On his death, Georgia laws of intestate succession will determine distribution of his estate. Christina will inherit the estate outright (with full ownership of the property and assets) if she survives her father. If she predeceases the doctor, the grandchildren inherit the legacy. In either case, Christina’s husband likely will eventually have access to and control of the family legacy.
Like many people, Dr. Smith thinks that he only needs a Will to pass his family legacy along to his daughter and grandchildren. Since he is extremely busy, he goes online and uses a DIY (Do-It-Yourself) service to make a Will, leaving all his assets to his daughter. He assumes that when she dies, she will leave the legacy to her children, as they have discussed many times.
Under Dr. Smith’s Will, Christina would inherit the family legacy outright on his death. When she dies, she could leave her entire estate to her husband (as most wives do) — or her husband could make a claim against the estate for spousal support under Georgia law. Based on Dr. Smith’s Will, Christina’s husband eventually could receive the entire family legacy, with the grandchildren receiving nothing at all.
Dr. Smith realizes that he should take the time to talk with a professional about the future of his family legacy. He consults with an experienced estate planning attorney.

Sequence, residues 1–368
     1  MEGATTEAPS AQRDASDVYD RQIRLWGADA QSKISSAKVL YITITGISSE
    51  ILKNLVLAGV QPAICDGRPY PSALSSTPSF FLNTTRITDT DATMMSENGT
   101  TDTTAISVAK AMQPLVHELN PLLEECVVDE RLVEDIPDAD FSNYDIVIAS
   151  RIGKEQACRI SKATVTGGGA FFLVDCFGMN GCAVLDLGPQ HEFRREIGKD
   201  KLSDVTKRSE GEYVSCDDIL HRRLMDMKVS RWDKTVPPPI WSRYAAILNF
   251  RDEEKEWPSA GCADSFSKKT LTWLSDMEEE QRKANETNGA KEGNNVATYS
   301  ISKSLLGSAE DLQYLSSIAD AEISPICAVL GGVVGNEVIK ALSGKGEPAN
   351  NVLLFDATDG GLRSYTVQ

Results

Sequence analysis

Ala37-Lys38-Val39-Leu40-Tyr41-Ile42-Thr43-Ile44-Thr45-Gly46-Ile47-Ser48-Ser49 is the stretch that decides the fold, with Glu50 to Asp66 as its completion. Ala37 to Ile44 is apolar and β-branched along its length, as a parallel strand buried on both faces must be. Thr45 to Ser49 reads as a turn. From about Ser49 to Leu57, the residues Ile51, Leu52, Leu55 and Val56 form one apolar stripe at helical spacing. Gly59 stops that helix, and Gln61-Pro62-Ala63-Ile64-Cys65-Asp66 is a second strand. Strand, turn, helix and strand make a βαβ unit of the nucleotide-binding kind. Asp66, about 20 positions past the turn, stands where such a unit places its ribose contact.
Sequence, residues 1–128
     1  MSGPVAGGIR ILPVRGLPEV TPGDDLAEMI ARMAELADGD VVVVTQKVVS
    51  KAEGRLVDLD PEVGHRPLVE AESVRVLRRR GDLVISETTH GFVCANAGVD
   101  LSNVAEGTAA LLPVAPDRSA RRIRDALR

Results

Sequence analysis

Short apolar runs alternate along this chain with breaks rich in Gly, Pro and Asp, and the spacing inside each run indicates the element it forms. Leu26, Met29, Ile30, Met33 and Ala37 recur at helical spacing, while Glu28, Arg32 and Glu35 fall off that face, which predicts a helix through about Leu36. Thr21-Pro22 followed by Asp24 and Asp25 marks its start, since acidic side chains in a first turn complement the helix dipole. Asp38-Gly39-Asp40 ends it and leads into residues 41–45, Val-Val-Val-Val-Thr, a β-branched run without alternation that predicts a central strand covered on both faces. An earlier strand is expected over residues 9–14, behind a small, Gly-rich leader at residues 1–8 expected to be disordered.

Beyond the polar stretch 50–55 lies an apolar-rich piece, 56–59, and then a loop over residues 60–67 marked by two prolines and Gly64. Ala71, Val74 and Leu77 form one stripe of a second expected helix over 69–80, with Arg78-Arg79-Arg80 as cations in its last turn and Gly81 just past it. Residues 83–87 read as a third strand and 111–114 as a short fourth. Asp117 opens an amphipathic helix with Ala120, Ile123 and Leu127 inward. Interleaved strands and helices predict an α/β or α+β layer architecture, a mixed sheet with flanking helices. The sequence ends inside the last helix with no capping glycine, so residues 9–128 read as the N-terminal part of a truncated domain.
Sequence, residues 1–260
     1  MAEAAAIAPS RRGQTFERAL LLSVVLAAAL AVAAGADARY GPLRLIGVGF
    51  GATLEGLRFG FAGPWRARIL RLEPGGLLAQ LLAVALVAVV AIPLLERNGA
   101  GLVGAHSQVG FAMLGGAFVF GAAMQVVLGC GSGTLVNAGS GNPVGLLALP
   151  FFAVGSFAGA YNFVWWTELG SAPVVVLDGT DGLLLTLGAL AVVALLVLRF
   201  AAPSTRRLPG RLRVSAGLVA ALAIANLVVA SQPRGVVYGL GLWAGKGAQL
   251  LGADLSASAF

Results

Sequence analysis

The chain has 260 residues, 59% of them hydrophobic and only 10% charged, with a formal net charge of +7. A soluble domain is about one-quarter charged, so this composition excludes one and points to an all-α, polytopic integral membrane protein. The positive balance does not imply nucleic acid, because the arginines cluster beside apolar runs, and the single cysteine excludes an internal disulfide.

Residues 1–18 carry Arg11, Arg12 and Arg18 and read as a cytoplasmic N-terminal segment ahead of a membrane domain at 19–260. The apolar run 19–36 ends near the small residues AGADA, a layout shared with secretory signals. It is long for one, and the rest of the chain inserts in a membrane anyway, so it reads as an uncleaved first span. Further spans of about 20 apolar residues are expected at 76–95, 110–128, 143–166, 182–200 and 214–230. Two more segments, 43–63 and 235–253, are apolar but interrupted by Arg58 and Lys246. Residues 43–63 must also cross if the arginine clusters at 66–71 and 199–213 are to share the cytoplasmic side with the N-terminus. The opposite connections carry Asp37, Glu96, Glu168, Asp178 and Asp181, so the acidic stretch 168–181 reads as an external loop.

His attorney explains that a Will alone cannot ensure that his legacy will stay in the bloodline — and that doing nothing has the same result. Fortunately, by including a trust in his estate plan, he can make absolutely certain that his daughter and his grandchildren benefit from his legacy — and that his son-in-law does not get any part of it.
To accomplish his goals, the lawyer drafts a trust document to address Dr. Smith’s concerns. The document takes all the unique aspects of his situation into account.
In the trust document, Dr. Smith names Christina as the beneficiary of the trust following his death. The trust document further provides that on Christina’s death (whether it is before or after his own), the grandchildren become the beneficiaries of the trust. Under the carefully structured trust, Christina’s husband will not have any access to the family legacy, before or after Christina’s death.